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'Being' a feminist:
Political Subjectivity and
the early days of the Women's Liberation Movement

Helen Graham

'This Shrew is us …do we speak for anyone else?'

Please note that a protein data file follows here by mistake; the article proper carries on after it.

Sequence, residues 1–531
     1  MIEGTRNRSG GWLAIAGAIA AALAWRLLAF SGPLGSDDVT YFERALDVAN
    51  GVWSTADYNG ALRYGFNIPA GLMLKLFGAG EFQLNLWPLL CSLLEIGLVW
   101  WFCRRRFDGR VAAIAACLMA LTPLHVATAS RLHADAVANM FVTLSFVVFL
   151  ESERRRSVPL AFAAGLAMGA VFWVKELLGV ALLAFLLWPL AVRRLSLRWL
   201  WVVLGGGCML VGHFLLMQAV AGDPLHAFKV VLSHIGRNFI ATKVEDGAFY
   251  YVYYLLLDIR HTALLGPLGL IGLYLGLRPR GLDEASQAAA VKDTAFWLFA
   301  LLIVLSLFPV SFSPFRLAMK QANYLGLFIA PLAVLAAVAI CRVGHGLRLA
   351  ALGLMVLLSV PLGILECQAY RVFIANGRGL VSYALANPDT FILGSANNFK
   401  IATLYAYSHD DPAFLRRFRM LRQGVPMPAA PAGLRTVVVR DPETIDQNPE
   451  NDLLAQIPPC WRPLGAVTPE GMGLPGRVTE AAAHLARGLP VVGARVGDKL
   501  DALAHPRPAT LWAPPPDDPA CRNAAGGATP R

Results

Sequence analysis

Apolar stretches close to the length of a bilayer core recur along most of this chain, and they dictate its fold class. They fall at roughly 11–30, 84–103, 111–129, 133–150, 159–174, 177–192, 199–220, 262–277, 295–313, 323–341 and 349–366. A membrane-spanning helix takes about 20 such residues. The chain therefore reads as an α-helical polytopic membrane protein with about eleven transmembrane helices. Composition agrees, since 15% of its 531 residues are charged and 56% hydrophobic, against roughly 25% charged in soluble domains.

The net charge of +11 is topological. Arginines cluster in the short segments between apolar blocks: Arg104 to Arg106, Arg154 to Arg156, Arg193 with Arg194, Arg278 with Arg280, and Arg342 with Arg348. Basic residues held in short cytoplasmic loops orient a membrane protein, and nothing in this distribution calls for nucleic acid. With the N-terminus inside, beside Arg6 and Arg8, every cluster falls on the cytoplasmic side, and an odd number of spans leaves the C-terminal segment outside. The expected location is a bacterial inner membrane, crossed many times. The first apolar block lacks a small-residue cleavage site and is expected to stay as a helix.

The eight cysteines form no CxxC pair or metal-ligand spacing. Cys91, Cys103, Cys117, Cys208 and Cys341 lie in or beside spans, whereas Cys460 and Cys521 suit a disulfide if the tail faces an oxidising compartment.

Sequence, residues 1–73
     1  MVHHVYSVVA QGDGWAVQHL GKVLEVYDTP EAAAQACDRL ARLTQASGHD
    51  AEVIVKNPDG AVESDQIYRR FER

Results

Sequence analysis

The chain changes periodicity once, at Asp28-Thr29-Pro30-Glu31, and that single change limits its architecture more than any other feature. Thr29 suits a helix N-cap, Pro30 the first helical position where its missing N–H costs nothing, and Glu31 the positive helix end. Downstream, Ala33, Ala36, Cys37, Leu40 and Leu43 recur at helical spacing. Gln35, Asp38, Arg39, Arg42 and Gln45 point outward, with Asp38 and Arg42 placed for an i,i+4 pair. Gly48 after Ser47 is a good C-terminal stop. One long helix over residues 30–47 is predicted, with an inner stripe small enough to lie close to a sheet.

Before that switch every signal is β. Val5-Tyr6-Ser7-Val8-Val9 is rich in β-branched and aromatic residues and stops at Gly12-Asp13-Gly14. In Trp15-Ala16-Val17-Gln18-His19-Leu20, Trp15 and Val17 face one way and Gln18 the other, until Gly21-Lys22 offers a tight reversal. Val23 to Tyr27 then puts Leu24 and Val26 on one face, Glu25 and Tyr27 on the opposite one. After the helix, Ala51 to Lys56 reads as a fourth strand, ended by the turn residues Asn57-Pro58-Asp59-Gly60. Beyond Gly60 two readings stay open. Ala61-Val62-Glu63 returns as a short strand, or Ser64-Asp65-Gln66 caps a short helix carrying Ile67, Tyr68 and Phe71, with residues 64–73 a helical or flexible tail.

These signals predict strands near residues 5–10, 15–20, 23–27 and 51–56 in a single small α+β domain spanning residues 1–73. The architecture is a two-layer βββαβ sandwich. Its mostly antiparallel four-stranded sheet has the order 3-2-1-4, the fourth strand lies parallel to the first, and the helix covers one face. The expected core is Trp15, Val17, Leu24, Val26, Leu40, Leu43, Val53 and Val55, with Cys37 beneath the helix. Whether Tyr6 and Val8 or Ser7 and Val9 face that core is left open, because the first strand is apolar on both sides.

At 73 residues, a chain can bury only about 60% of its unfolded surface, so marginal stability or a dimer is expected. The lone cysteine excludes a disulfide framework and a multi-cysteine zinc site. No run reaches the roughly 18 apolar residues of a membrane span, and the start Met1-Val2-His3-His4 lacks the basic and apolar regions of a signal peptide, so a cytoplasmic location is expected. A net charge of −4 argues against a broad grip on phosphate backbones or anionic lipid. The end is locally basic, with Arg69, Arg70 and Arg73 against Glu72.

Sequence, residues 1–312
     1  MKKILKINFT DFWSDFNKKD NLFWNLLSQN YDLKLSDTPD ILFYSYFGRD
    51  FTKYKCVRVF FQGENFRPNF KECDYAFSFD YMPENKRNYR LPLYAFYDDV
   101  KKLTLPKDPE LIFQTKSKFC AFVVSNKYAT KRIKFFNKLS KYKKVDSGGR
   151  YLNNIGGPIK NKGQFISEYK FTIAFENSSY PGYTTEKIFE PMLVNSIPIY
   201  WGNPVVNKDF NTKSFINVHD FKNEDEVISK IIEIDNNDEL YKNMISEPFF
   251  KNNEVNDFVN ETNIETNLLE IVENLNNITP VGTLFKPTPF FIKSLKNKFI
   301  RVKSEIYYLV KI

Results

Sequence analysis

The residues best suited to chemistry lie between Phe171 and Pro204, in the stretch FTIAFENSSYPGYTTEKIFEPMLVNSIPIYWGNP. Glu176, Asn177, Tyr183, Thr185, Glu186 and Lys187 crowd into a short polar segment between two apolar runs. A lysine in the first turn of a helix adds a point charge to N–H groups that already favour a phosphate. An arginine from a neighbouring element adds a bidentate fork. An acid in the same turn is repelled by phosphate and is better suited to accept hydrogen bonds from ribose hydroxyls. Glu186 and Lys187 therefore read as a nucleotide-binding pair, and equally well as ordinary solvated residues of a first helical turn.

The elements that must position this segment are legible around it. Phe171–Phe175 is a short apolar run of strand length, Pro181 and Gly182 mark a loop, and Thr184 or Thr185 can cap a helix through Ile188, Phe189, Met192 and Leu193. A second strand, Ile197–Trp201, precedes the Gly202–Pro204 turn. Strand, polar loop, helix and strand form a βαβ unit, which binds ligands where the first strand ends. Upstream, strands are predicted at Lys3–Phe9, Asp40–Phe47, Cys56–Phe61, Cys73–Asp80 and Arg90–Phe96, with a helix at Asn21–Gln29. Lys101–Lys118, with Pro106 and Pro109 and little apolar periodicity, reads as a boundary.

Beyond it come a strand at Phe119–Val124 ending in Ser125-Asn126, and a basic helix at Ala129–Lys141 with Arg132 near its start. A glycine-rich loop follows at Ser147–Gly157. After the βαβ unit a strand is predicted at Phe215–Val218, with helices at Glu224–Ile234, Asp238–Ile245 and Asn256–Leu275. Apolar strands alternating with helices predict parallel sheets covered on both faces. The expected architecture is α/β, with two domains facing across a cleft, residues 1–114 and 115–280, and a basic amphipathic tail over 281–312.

The statement at the end of an early Shrew magazine (1970?) asks this question, naming an existing 'us' but asking and hoping for a larger, inclusive 'we'. The 'us' is taken very seriously and not one name graces the many poems, fictions, cartoons and reflections, a contact name and number for a playgroup makes up the only explicit marker of individuality. Within this very active notion of 'the collective' the 'I' is, however, far from lost and the difficulties of actually 'being' a feminist are thought about throughout the magazine. The conflictual nature of political subjectivity is repeatedly identified as coming from movement between clashing political arenas where the gender and/or feminism of the writer becomes located in their very presence in a specific space. Whether this is the challenge of being on an anti-war demonstration on Oxford Street while you fail to connect with the women on the pavements or waiting at the school gates for your partner's child, these shifts of 'habitus' appear to shock the 'I' into recognition of the 'gaps' and 'silences' between them, as consciously politicised, and the women which populate the margins of these accounts. Taking the magazine as a whole but focusing on the autobiographical pieces, this paper will explore the problematic nature of the dawning 'political I' of feminism. Shrew , I will suggest, can be seen as offering strategies to breach the problematic of 'I'/'we', which still resonates within feminist debate today. The 'political I' here is transformed into the site of the collective through the sheer physicality of realisation and though the elasticity of the Shrew 's 'we'.

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